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The Impact of Cognitive Behavioral Therapy for Insomnia on Sleep Log and Actigraphy Outcomes in People with Multiple Sclerosis: A Secondary Analysis

Authors Williams-Cooke C , LeSuer L, Drerup M , Siengsukon C 

Received 15 June 2021

Accepted for publication 9 September 2021

Published 12 October 2021 Volume 2021:13 Pages 1865—1874


Checked for plagiarism Yes

Review by Single anonymous peer review

Peer reviewer comments 3

Editor who approved publication: Dr Sarah L Appleton

Cierra Williams-Cooke,1 Leslie LeSuer,1 Michelle Drerup,2 Catherine Siengsukon1

1Department of Physical Therapy, Rehabilitation Science, and Athletic Training, University of Kansas Medical Center, Kansas City, KS, USA; 2Sleep Disorders Clinic, Cleveland Clinic, Cleveland, OH, USA

Correspondence: Catherine Siengsukon
Department of Physical Therapy, Rehabilitation Science, and Athletic Training, University of Kansas Medical Center, Kansas City, KS, 66160, USA
Email [email protected]

Purpose: While studies indicate cognitive behavioral therapy for insomnia (CBT-I) improves self-report sleep outcomes from questionnaires in people with multiple sclerosis (MS), it is unclear if CBT-I improves outcomes from a sleep log or sleep assessed objectively via actigraphy in people with MS. This study aimed to determine if CBT-I improves sleep log and actigraphy outcomes in individuals with MS.
Patients and Methods: Twenty-five participants (Mage= 53.04, SD= 10.90) were included in this secondary analysis of data from a pilot randomized control study to assess the feasibility and treatment effect of CBT-I in individuals with MS. Participants were asked to maintain a sleep log and wear an actigraph for a week at baseline and post-intervention. Participants were randomized into one of three groups (CBT-I, active control, or one-time brief education control group). One-way ANOVAs were used to assess for group differences and within group change in sleep latency, sleep efficiency (SE), time in bed, total sleep time (TST), wake after sleep onset, variability of SE, and variability of TST.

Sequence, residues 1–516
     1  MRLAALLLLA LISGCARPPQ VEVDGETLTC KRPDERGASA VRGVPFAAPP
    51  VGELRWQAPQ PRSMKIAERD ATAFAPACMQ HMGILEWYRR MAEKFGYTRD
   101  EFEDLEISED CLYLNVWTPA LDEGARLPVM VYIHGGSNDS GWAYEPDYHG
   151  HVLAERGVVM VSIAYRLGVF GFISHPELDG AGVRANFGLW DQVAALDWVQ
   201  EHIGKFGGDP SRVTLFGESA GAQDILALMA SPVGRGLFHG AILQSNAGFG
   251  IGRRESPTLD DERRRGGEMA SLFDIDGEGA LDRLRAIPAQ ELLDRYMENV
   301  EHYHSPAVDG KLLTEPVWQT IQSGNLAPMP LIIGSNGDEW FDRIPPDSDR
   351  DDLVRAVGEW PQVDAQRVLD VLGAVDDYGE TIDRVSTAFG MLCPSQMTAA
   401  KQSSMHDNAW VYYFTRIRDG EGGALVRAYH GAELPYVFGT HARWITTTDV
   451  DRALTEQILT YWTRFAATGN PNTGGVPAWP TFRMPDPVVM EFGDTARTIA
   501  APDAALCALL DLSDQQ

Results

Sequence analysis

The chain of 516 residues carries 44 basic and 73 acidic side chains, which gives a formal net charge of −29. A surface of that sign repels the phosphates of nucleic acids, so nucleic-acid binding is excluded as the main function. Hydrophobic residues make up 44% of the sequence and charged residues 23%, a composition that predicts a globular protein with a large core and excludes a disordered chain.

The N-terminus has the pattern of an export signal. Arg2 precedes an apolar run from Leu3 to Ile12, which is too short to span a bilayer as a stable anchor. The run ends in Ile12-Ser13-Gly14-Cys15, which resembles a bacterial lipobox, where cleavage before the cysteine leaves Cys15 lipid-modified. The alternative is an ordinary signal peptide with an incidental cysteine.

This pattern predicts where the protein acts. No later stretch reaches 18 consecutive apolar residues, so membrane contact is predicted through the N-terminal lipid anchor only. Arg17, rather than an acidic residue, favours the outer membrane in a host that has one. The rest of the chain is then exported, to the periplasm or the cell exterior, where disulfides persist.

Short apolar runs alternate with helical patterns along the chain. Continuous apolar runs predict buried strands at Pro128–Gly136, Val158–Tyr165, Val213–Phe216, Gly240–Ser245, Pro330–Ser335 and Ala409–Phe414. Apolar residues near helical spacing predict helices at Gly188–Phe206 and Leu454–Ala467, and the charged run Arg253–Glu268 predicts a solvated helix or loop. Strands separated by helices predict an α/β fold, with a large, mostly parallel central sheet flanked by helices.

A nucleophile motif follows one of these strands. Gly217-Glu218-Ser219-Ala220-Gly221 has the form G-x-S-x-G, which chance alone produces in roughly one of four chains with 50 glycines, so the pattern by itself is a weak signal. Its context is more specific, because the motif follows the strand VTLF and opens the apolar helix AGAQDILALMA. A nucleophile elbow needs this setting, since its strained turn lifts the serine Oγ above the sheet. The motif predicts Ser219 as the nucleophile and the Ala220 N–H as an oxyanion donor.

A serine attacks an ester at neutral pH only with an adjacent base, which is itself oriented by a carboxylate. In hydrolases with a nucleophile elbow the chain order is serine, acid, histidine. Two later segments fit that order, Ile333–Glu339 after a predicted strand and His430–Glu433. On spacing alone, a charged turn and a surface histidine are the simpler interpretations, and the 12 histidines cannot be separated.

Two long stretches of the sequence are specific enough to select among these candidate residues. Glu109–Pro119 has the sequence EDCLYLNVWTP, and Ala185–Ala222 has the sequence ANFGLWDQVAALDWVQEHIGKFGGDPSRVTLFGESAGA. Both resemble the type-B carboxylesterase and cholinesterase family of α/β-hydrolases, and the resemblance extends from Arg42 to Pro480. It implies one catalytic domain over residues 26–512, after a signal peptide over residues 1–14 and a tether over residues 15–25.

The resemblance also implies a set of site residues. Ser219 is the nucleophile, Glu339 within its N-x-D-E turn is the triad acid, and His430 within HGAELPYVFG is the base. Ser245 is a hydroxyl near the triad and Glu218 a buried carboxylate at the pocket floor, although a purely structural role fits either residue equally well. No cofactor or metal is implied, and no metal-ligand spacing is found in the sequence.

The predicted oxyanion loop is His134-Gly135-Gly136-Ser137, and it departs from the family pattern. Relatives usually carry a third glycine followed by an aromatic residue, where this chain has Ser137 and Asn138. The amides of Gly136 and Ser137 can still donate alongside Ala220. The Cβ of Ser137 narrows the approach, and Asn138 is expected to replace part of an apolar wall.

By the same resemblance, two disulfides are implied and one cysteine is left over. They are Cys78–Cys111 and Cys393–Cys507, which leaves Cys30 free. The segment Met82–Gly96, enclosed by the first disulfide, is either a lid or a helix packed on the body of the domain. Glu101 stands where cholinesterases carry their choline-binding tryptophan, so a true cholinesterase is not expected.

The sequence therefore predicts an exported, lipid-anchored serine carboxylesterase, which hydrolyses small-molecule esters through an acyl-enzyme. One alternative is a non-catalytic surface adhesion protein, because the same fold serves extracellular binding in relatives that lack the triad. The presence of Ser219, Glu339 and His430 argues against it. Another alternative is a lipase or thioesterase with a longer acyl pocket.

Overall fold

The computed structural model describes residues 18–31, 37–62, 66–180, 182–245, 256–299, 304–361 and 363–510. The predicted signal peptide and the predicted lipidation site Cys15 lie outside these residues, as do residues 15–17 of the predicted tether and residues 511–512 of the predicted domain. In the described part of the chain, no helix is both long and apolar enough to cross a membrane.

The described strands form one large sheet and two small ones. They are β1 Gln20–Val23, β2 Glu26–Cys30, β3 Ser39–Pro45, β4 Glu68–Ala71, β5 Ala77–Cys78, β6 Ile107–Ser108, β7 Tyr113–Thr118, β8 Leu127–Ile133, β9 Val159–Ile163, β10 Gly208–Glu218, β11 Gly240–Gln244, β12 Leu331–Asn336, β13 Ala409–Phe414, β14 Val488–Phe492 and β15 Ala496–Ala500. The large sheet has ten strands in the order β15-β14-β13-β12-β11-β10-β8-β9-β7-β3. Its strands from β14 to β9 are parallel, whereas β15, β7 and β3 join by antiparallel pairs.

Results: CBT-I resulted in an increase in sleep efficiency (SE) and decrease in time in bed (TIB) and variability of SE from the sleep log. The CBT-I group also experienced a decrease in TIB and total sleep time (TST) from actigraphy. The active control group demonstrated an increase in variability of SE from actigraphy.
Conclusion: This study indicates that individuals with MS may experience an improvement in sleep log and actigraphy sleep outcomes following CBT-I, but findings need to be replicated in a larger prospective study. The decrease in TST from actigraphy mirrors results from prior studies.

Keywords: multiple sclerosis, cognitive behavioral therapy for insomnia, sleep log, actigraphy


Individuals who undergo cognitive behavioral therapy for insomnia (CBT-I) demonstrate improved self-report sleep measures following the intervention.1–4 Questionnaires are often used to assess improvement in sleep outcomes following CBT-I, including improved perception of insomnia severity using the Insomnia Severity Index (ISI) and improved perception of sleep quality using the Pittsburgh Sleep Quality Index (PSQI).1,2,4

A sleep log is another self-report method to determine improvement in sleep outcomes following CBT-I. Wake after sleep onset (WASO), time in bed (TIB), and sleep onset latency (SOL) have been shown to decrease and sleep efficiency (SE) and total sleep time (TST) have been shown to increase following CBT-I according to sleep log.1,2,5–8 While outcomes from questionnaires are more commonly reports and are perhaps more convenient than sleep logs, a sleep log may be particularly useful because it collects sleep data over multiple nights, often over a week or two.9 However, data from sleep logs are often averaged for the time period the log is kept, so more nuanced outcomes such as sleep patterns and sleep variability are not often considered.10